(This article, written by Rick Dacri, was originally published in the Maine Town, City & County Management Association July 2014 Newsletter)
If you want to understand what truly makes your organization tick, focus on your culture. Former IBM CEO Louis Gestner, Jr. remarked, “culture is everything.” It is the driving force in managing your city or town.
Watch the ways your employees greet one another, address residents, and even dress. Observe their work habits, how they perform their jobs, and their willingness to do more. Understand your unwritten rules, beliefs, expectations and values. All of these will provide you a snapshot of your organization’s personality and culture.
I was asked by a new Town Manager to evaluate two finalists for a community relation’s position. One was an external candidate with years of relevant experience and a positive personality; the other, a long service internal candidate with no applicable proficiency. I asked the internal why she wanted the job, a position very different from her accounting role. She indicated that for the last 10 years she had watched the incumbent do the job and thought she’s like to do the same one day. When the incumbent retired, she assumed that with her seniority, she would be entitled to the job. When I inquired about what she had done over the years to prepare herself for the job—training, courses taken, anything—she looked at me incredulously. She had done nothing, beyond putting in her time. She didn’t get the job.
In this town, an “entitlement mentality” based on seniority was ingrained into the culture. The new manager and his Board wanted and needed a workforce that was engaged, energized, resident-focused and skilled. To get there, the manager needed to move to a performance based culture, built upon education, training and above all excellence. Merit always trumps longevity. Hiring the external candidate was the first step in the process and it sent a loud message to all.
Cultural change is never easy and it is often painful. It takes hard work, time and focus. The new manager was a take-charge leader who was committed to setting a new tone and direction. With an uncompromising approach and support from his board, he knew he had to be an exemplar–modeling and promoting the “new way.”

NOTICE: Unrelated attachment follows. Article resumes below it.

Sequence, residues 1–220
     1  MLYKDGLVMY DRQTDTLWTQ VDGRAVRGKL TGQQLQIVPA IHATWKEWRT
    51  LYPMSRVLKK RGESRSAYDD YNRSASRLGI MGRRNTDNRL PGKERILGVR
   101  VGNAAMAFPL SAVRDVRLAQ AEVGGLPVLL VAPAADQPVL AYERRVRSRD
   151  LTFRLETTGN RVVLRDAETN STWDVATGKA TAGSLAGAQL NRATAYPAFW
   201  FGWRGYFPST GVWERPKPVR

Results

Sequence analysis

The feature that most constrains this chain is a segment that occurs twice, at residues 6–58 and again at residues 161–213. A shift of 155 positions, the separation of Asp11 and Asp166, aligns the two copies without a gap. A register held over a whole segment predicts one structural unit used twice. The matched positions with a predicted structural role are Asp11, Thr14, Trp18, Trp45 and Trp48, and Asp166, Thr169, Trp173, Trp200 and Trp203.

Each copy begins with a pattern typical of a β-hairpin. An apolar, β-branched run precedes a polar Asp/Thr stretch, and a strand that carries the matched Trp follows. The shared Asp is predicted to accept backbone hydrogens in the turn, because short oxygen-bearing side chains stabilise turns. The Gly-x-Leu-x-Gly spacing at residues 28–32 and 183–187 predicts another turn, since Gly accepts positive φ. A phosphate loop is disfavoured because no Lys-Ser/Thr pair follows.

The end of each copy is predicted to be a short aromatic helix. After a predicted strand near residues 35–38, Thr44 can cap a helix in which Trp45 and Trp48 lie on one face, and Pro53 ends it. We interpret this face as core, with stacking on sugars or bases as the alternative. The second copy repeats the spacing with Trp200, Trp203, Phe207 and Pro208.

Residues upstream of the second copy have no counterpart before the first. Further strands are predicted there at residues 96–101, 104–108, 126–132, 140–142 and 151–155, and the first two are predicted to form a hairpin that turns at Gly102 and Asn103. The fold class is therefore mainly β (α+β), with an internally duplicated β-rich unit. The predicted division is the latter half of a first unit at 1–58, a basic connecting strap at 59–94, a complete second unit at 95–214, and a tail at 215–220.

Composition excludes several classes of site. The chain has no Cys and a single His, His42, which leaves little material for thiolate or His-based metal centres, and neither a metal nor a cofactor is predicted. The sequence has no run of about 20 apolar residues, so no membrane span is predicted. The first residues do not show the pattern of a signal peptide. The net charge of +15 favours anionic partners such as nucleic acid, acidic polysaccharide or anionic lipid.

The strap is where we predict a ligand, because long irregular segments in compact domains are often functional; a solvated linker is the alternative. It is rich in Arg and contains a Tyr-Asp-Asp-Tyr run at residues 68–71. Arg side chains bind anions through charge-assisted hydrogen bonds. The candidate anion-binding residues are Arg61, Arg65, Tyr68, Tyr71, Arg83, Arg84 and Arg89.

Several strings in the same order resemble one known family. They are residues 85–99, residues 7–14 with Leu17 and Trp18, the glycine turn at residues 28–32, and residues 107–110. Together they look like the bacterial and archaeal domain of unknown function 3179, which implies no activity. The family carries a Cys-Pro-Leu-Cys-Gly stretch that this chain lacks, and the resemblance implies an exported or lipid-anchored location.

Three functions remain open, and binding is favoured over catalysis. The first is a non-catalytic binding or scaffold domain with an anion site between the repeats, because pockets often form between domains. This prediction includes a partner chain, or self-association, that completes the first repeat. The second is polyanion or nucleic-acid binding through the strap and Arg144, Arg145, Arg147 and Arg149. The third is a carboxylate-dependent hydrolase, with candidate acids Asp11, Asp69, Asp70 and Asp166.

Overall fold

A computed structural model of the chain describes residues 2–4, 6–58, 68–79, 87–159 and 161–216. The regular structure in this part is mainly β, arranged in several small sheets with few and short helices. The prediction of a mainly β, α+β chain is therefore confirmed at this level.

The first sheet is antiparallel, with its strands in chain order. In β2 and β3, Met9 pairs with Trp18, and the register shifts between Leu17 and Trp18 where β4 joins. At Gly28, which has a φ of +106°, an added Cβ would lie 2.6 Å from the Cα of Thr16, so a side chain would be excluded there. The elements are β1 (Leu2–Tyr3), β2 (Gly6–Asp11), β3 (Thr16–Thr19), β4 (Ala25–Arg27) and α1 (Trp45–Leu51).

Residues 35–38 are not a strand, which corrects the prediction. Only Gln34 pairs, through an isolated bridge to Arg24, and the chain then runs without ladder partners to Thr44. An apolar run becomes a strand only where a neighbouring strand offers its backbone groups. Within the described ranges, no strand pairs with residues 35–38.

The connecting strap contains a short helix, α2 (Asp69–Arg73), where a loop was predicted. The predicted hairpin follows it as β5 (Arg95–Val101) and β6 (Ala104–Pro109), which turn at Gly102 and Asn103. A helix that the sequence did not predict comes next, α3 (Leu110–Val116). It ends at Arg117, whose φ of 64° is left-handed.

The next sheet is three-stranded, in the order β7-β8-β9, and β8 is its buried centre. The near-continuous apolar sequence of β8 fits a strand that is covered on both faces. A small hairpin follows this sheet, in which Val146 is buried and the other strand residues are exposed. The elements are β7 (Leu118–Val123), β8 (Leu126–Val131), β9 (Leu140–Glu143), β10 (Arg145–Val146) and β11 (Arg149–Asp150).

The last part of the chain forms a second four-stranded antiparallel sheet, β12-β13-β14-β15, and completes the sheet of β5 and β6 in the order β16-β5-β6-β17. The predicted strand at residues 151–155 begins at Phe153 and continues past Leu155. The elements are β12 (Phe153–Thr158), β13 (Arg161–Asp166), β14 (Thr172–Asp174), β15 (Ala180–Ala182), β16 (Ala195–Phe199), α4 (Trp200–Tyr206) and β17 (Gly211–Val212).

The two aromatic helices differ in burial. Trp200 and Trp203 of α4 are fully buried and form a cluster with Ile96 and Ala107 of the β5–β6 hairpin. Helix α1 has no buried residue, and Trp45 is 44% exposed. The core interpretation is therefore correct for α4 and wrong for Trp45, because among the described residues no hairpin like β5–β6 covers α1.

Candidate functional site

Creating a culture focused on performance required a powerful tool to both support this initiative and to measure employee progress. We developed a performance management system trumpeting employee recognition, rewarding excellent performance, and fostering employee development. An appraisal system that deemphasized a “report card” approach, while promoting career development, would get employees’ attention and support, begin to unthaw frozen beliefs, and was likely to generate support, acceptance and new attitudes. After all, you cannot raise the level of performance in an organization that floats on a culture emphasizing entitlement over achievement.
While it may be difficult to change behaviors and attitudes once they become the norm, strong leadership can make it happen. The effectiveness of town government, in an era of high resident expectations on bare bones budgets, rests on the shoulders of its leadership and workforce. Understanding your culture is critical. Changing it, if it not consistent with your strategic direction, is paramount.
Getting the best out of your people, nurturing their growth, in an environment based on performance, can be transformative. Promoting this can-do attitude, encouraging an acceptance of change, instills strong peer pressure for the new norms while enlisting the employees’ enthusiasm and dedicated efforts to achieving the town’s objectives.
Step back and critically look at your city or town. If you’re happy with what you see, build on it. If you find yourself falling short of your expectations, do what it takes to change. Your residents, board and yes, your employees will thank you.